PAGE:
This immersive 21st century vision of young people living and striving in Alabama’s Black Belt is an Oscar nominee composed of pure film poetry.
From Pelican Bay State Prison, Sansón’s life is defined by borders—between Mexico and the U.S., fact and fiction, personal choice and systemic force.
Rodrigo Reyes has received the support of Tribeca Film Institute, Sundance Institute, California Humanities Council, Film Independent, IFP Narrative and Documentary Labs, the Mexican Film Institute, and more. In 2015, his documentary Purgatorio was selected as the Season Premiere for America ReFramed. In 2017, Rodrigo was selected for the… Show more Spotlight on Storytellers Award by Sundance Institute and was named a Guggenheim Fellow. Show less
Su Kim is a Korean-American producer based in New York City. She is entrepreneurial, creative and committed to crafting compelling stories and supporting independent filmmakers. Her films in release include the Sundance Film Festival premiere Kimjongilia (dir. NC Heikin), Adama (dir. David Felix Sutcliffe) supported by ITVS, and Sound of Redemption: The Frank Morgan Story… Show more (dir. NC Heikin). As a producer, she has been awarded CPB/PBS Producers Workshop Scholarship as well as numerous grants from ITVS, the Sundance Documentary Film Program, NYSCA, Tribeca Film Institute and the US State Department. In 2014 she was selected along with five other women filmmakers as a Fellow for the Sundance Institute Women’s Initiative. She is currently producing One Bullet Afghanistan (dir. Carol Dysinger), Sansón and Me, and Lupe Under the Sun (dir. Rodrigo Reyes) and Hale County This Morning, This Evening. Show less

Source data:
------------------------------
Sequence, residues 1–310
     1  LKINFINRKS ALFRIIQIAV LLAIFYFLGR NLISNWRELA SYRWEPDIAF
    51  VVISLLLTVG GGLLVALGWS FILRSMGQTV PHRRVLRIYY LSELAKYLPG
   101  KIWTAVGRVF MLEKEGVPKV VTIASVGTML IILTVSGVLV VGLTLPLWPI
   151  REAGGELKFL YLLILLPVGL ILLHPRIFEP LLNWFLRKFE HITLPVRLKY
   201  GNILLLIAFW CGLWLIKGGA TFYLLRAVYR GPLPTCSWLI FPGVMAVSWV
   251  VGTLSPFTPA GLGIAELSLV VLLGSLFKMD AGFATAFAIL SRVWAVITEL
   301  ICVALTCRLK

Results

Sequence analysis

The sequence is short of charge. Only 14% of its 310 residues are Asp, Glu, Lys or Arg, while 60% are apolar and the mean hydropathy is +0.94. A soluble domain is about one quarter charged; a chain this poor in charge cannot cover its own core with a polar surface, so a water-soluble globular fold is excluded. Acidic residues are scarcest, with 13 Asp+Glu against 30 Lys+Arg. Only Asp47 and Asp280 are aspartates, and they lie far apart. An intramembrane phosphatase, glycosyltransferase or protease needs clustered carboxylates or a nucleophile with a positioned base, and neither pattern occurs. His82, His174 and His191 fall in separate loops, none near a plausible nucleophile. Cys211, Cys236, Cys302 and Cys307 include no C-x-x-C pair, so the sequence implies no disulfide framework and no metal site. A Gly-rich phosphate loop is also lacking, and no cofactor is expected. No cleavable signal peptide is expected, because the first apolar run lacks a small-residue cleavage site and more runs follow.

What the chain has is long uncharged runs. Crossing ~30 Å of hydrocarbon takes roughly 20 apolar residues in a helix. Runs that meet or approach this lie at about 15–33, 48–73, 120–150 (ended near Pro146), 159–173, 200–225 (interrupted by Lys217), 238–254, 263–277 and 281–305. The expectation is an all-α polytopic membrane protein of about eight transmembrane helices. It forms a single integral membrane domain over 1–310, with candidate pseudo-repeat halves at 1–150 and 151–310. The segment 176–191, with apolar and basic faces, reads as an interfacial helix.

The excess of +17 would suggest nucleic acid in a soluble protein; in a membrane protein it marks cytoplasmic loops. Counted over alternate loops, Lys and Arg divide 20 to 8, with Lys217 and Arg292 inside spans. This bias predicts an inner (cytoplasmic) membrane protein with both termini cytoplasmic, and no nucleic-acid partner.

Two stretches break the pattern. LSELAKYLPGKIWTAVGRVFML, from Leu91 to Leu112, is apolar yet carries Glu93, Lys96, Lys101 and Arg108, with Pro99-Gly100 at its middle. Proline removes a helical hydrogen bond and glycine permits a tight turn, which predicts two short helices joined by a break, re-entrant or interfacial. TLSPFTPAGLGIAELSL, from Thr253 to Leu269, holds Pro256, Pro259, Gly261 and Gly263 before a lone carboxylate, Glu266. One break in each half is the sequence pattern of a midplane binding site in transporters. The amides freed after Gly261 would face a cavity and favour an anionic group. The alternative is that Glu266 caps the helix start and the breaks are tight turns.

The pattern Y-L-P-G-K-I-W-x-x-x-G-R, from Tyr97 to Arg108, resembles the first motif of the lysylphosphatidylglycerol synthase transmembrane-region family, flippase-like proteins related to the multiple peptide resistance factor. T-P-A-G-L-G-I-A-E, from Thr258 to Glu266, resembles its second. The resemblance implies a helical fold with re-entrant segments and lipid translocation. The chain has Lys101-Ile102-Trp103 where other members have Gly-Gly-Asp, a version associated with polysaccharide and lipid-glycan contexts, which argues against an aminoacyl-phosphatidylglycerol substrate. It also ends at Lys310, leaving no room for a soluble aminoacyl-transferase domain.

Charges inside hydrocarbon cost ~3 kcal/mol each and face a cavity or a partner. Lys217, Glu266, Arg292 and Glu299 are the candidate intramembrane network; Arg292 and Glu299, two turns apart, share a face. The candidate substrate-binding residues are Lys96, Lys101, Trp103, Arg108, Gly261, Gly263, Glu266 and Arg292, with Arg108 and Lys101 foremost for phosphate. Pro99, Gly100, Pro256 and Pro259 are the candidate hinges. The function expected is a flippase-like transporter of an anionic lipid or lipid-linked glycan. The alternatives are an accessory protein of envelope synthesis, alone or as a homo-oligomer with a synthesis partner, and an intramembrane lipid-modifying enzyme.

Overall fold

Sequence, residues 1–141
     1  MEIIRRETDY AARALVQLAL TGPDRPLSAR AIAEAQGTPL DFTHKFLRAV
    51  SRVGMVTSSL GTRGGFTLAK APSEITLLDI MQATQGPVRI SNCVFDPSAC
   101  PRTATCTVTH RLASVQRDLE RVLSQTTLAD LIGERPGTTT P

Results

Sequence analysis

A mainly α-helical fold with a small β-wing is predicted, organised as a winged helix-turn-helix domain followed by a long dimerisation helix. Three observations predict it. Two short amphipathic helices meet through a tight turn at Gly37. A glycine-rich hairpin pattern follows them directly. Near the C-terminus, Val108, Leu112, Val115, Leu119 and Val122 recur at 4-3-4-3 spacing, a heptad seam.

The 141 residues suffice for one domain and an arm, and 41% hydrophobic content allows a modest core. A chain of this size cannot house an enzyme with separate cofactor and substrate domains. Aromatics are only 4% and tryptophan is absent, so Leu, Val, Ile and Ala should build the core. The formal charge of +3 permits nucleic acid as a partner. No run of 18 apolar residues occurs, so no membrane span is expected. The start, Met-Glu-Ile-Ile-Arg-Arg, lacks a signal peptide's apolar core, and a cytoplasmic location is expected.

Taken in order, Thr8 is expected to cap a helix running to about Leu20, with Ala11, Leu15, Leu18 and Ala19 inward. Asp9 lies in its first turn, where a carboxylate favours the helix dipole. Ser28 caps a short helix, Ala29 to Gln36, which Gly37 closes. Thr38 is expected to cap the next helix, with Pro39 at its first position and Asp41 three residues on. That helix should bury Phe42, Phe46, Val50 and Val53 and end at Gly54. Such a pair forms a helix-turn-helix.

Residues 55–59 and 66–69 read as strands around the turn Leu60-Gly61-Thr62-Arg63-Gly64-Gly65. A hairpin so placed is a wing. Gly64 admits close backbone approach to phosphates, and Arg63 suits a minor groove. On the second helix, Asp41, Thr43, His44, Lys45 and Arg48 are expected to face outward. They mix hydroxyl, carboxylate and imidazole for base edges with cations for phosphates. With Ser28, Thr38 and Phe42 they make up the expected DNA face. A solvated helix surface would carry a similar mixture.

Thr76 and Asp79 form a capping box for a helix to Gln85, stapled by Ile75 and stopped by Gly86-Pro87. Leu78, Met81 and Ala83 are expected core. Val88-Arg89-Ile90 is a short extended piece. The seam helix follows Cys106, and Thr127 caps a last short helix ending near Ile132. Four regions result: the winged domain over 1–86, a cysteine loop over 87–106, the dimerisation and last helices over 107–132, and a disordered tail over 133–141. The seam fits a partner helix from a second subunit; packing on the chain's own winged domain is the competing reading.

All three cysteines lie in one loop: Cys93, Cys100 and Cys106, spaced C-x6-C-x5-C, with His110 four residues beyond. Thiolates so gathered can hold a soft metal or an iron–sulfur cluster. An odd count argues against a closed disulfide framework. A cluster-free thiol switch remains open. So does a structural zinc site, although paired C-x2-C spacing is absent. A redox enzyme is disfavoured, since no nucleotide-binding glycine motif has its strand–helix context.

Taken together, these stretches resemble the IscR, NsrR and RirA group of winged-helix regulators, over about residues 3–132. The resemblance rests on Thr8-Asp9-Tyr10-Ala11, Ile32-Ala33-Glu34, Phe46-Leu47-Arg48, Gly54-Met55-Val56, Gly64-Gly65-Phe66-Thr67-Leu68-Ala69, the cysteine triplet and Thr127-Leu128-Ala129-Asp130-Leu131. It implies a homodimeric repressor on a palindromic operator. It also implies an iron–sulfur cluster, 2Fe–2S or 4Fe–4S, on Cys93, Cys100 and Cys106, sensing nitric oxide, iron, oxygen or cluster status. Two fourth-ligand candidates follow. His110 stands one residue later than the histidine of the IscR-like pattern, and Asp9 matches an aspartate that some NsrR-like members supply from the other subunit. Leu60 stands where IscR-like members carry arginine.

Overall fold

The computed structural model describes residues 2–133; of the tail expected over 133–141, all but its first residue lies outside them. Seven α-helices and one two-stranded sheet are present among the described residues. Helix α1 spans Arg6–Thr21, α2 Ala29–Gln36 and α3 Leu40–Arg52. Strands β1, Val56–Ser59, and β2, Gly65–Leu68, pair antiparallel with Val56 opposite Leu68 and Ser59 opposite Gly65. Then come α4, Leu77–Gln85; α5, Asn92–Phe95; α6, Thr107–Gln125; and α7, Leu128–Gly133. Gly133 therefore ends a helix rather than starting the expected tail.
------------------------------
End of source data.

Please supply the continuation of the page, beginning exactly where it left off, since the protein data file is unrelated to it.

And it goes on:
Set in rural California and Mexico’s Pacific coast, Director Rodrigo Reyes' documentary is a moving portrait of the unlikely friendship of two Mexican migrants, told within the frame of the dramatic clash between systemic forces and personal choices that envelop young, incarcerated men of color in America.
Sansón’s life is defined by borders—between Mexico and the United States, between freedom and incarceration, between fact and fiction. While serving two life sentences for first-degree murder in Pelican Bay State Prison, Sansón grapples with the ways he has traversed these borders, moving from country to country, from rural California to solitary confinement, and from the truths of his life to the mythologies he’s created. A tale told through dramatic reenactments, Sansón and Me recreates a life of multilayered border crossing as told by Sansón to his interpreter-turned-friend, filmmaker Rodrigo Reyes. In vividly portraying Sansón’s life from orphaned Mexican child to American prisoner, Reyes reveals one man’s attempt at reconciling the things that have happened to him and the things he has brought on himself.